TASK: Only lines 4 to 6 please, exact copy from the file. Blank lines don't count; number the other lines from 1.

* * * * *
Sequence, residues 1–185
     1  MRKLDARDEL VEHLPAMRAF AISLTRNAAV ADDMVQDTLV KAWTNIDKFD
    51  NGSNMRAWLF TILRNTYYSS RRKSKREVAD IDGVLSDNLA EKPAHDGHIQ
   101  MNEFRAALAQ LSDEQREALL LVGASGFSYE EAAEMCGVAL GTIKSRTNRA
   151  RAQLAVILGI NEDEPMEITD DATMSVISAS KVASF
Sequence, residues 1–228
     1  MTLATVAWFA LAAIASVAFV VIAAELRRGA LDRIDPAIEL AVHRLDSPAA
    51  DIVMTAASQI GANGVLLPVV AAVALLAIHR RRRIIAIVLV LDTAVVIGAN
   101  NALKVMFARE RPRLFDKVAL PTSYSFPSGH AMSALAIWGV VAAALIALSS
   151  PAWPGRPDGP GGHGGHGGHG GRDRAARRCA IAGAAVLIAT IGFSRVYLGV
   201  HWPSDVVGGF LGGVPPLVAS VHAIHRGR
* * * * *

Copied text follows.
   101  MNEFRAALAQ LSDEQREALL LVGASGFSYE EAAEMCGVAL GTIKSRTNRA
   151  RAQLAVILGI NEDEPMEITD DATMSVISAS KVASF
Sequence, residues 1–228